Many are wondering if Georgia’s governor will be the next conservative to cave in to progressive’s pro-immigration agenda before the window to opt in closes in 10 days, as 80 percent of states have already opened their doors to refugees.

“There have also been questions about whether or not Georgia's Republican Gov. Brian Kemp will opt in to the program, as he has faced pressure from both sides of the debate,” theBlaze informed. “This all comes ahead of the Jan. 21 deadline the State Department gave to governors to give notification about participation. As of Thursday, Voice of American reported that 40 states across the country had opted in.”

Omar blasts Minnesotans for stemming tide of refugee influx

Rep. Ilhan Omar (D-Minn.) – a Somali refugee – condemned a county in northern Minnesota for exercising its right to opt out of participating in the federal refugee resettlement program – a choice made possible by Trump.

“Over 20 years ago, the state of Minnesota welcomed my family with open arms,” Omar tweeted Wednesday. “I never would’ve had the opportunities that led me to Congress had I been rejected. What Beltrami County is doing is denying refugees a chance at a better life.”

Becoming the first county in the state and the second state in the country to opt out, Beltrami County is believed to have put a hold on refugees in order to curb skyrocketing crime in the Minnesota since a large influx of Somali refugees began entering the state.

Those supporting the decision claim the county is merely exercising its rights – thanks to Trump.

Rep. Matt Grossell (R-Minn.) also appreciated the president giving states the ability to decide for themselves.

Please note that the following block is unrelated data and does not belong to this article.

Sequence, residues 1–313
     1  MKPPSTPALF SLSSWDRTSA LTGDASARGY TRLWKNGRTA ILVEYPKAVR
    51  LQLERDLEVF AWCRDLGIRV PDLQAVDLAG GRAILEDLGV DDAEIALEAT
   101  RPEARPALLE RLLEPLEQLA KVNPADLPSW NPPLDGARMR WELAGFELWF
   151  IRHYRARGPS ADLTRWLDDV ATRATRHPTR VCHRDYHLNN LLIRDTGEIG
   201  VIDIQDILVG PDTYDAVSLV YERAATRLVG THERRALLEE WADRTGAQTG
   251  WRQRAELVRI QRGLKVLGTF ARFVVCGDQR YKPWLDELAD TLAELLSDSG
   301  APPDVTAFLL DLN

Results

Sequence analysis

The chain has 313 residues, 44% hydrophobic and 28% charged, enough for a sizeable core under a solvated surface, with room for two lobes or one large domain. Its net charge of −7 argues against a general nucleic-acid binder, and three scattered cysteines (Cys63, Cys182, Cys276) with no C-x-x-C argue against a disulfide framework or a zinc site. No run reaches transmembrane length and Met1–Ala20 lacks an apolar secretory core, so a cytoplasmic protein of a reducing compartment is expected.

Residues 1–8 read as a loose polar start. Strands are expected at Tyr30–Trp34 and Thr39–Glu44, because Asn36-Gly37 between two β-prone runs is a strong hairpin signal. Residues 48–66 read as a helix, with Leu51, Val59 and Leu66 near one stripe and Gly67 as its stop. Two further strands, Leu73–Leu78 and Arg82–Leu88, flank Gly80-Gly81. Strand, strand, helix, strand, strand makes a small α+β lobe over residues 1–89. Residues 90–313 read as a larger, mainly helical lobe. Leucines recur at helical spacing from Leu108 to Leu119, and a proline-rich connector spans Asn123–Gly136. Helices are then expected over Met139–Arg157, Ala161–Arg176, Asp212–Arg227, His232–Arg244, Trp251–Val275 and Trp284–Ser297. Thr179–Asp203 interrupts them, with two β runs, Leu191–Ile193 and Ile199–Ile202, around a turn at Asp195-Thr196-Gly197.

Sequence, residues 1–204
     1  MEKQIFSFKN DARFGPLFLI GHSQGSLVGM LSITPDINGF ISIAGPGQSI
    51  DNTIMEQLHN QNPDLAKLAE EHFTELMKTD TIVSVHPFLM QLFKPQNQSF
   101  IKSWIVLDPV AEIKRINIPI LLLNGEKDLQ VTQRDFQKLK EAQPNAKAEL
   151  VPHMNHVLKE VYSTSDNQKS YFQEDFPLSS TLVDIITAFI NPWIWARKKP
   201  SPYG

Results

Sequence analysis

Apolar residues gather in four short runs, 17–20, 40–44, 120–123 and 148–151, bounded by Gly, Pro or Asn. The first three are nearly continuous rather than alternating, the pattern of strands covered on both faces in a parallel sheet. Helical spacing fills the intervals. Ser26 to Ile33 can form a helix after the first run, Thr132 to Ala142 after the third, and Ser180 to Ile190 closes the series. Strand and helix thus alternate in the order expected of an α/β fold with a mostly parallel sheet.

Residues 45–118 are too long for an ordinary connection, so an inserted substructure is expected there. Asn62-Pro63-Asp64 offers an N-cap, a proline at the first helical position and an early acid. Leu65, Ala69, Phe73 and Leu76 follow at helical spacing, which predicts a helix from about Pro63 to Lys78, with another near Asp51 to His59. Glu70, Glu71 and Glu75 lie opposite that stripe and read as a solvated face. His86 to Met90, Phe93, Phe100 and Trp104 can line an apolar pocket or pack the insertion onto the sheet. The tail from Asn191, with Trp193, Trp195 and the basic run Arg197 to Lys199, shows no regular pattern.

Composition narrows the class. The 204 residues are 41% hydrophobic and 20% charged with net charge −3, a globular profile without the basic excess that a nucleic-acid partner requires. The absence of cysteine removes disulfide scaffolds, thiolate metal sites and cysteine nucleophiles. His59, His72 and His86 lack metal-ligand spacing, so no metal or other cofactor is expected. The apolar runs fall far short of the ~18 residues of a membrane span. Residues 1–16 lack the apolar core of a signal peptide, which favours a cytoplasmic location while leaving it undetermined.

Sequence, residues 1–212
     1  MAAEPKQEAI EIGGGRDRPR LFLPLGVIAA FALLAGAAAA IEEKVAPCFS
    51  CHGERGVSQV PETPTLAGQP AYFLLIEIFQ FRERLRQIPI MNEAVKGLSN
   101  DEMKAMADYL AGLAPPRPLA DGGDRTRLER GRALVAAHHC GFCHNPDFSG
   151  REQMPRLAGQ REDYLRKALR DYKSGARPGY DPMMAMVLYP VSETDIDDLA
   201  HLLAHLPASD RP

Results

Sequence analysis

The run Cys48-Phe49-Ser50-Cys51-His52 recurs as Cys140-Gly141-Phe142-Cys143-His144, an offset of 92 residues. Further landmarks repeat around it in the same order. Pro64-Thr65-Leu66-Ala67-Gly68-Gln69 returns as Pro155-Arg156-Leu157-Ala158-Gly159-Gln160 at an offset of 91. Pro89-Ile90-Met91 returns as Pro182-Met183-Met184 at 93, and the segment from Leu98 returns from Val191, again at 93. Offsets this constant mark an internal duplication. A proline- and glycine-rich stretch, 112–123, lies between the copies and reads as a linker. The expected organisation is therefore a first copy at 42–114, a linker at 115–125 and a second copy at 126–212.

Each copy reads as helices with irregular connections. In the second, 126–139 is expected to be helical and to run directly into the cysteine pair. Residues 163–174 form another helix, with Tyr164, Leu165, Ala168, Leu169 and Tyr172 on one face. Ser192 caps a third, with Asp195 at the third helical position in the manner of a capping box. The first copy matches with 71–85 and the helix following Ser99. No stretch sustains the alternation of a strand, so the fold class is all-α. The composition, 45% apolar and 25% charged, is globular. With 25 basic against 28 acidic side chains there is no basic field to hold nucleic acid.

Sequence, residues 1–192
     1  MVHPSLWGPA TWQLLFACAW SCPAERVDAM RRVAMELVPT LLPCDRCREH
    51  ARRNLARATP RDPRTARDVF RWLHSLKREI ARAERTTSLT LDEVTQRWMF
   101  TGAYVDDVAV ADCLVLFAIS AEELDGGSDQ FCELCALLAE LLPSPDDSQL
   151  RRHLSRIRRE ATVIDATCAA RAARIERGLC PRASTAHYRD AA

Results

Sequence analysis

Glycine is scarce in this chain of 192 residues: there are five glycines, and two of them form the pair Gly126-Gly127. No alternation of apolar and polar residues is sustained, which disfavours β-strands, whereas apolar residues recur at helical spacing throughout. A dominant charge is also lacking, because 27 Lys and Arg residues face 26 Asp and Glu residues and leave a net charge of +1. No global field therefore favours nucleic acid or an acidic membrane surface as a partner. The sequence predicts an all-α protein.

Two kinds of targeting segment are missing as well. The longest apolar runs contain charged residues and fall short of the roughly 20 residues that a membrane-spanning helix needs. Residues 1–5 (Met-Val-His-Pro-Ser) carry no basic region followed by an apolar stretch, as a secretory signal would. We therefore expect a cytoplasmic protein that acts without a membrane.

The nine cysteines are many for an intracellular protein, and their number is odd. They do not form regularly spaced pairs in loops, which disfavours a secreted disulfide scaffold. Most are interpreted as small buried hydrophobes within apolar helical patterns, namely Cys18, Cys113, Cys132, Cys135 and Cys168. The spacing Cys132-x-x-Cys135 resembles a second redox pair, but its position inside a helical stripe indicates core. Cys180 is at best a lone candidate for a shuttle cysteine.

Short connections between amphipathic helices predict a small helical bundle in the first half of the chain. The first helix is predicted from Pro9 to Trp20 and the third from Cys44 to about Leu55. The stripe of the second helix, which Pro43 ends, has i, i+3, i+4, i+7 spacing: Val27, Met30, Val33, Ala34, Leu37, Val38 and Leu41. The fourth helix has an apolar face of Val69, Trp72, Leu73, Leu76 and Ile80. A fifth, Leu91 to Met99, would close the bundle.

"President Trump empowered counties to have a voice in the decision-making process for the federal refugee resettlement program," Grossell told a local paper, according to Fox News. "Tonight, Beltrami County exercised that option."



We moderate all reader comments, usually within 24 hours of posting (longer on weekends). Please limit your comment to 300 words or less and ensure it addresses the article - NOT another reader's comments. Comments that contain a link (URL), an inordinate number of words in ALL CAPS, rude remarks directed at other readers, or profanity/vulgarity will not be approved. More details





The media’s worst moments so far during the Senate impeachment trial are…(choose up two answers)





  Trump vs. Bloomberg: Fortunes collide in pricey knife fight
  Trump: Mideast peace plan likely rolled out in days
  Questions linger over investigation into Jeff Bezos' hacking
  China confirms 1st death outside epicenter of viral outbreak
  'Sopranos' actress says Weinstein raped her in the mid-1990s
Democrats face risks in Trump's impeachment trial
Lee to pitch sweeping abortion bans in Tennessee


Trump Senate impeachment trial live updates: Dems focus on 'abuse of power'
CNN anchor hits out at 'Trumpers' over Greta Thunberg — gets quickly reminded of his network's settlement with Covington teen
Soros in Davos: 2020 election will determine 'fate of the world'
Trump to be first president in history to speak in person at March for Life
Church says thieves rifled through member's coat during service, stole vehicle from parking lot


Cartoon of the Day
The growing jihadist threat in Germany

Man holding a KoranA learned scholar of the ideology of Islam and former Homeland Security officer sees a dangerous trend unfolding in Germany as the number of Salafi Muslims is on the rise.